Su Blackwell graduated from the Royal College of Art in 2003. She makes intricate art-works
from every-day objects, transforming clothes and books into fantastical three-dimensional forms.
Using a scalpel she cuts and glues the pages of books to create miniature dioramas glowing with
lights in wood and glass boxes, like Victorian relics found in a museum of intrigue.
She finds her books – or rather lets them find her – by trawling through second-hand book shops.
She always reads the book first and this in turn inspires the work. Some that come into the artist’s
possession sit on her shelf for months and months. The books themselves, their histories and
stories, also interest her. They hold in their pages a record of their past events, as physical objects;their damage, such as frays and stains, makes our relationship with the contents immediate and visceral, and in turn tells another story.
The Secret Garden
book-cut sculpture in a box
h 33 x w 24 x d 25 cm
This exhibition, Su Blackwell’s first at Long & Ryle, will explore a new theme – movement –
using tiny motors that are jerky and unpredictable. A number of her compositions will have an
urgency about them, the cut-out characters from the book’s illustrations will seem pre-occupied, orperhaps be escaping from something, and the landscapes will speak of a bleak mystery, an arising in the air. They will be placed in an uncertain and possibly dangerous reality outside of the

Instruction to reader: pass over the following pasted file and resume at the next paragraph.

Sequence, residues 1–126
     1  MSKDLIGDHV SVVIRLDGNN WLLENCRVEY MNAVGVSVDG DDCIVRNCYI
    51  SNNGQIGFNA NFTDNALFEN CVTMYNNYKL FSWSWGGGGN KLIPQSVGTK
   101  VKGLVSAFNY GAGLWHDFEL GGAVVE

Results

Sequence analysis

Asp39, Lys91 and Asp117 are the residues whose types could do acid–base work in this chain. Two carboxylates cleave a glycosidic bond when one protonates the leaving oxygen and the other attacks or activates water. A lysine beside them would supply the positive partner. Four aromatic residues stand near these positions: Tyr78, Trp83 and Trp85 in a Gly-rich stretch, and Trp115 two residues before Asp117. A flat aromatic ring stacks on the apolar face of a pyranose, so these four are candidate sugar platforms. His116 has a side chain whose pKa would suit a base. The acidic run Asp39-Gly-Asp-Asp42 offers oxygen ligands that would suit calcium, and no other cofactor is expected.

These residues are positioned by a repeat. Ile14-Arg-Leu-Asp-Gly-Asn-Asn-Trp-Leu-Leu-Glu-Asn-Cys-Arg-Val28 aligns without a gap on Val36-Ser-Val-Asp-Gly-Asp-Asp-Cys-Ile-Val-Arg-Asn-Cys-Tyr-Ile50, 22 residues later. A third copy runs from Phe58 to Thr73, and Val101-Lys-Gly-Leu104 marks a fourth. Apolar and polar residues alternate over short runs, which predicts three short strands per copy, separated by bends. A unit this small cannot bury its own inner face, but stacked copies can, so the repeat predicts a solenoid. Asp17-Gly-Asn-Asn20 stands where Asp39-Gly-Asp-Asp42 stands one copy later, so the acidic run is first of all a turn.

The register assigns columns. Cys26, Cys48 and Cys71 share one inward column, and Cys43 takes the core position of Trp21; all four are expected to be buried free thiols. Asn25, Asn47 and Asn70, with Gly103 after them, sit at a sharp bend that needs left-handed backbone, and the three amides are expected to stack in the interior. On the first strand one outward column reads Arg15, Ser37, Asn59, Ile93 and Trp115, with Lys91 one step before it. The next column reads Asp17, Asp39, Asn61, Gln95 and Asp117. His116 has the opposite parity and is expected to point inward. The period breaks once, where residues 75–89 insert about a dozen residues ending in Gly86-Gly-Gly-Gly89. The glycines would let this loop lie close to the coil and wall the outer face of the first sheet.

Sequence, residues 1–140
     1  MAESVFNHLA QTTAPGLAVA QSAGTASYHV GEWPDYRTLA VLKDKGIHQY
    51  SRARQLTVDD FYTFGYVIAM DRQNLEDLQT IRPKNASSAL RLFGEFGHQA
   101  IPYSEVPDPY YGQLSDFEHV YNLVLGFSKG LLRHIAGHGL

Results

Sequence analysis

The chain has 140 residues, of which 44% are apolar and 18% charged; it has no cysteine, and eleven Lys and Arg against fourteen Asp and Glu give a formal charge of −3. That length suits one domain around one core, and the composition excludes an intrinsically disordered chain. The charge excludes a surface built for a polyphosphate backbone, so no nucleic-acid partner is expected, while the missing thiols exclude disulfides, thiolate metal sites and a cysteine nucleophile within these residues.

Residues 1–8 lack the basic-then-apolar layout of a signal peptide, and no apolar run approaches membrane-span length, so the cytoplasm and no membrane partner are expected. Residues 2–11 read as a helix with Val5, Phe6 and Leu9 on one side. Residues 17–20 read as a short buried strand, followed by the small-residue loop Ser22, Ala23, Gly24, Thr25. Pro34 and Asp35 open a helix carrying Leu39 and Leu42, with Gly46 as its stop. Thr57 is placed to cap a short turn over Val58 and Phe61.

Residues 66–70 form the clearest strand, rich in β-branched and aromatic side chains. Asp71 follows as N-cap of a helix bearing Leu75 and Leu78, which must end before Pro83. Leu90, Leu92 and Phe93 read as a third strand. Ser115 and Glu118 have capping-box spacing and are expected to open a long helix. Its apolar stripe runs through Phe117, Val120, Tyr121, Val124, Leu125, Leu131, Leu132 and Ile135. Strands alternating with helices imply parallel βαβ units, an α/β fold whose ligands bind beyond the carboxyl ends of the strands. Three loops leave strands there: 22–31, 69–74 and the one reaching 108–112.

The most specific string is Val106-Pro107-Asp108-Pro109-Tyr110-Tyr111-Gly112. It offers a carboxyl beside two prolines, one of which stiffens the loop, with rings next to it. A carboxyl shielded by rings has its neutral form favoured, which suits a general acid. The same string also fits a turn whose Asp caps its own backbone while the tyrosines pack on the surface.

context of the text, amid a stark forest of cut-out trees. There will be a slight feeling of sadness
alongside the enchantment.
While you were Sleeping
Some of the subjects of new pieces are: Babes in Woodland, Silvershod, fairy tales by Hans
Christian Anderson and The Brothers Grimm, and some lesser-known tales. Alice will make an
appearance, in Wonderland, and the relationship between Titania and Bottom will be explored in a work inspired by A Midsummer Night’s Dream.
In the five years since leaving the Royal College of Art, Su Blackwell’s intricate and magical
paper cut-outs have become internationally well-known (although uncredited), through advertising
campaigns for Beringer Wines and Land-Rover, the Harvey Nichols Christmas window display
(2007), and a Vanity Fair jewellery feature. Her pieces have been heralded widely, and the artist
has been spotlighted in Vogue, The Telegraph Magazine and The Financial Times.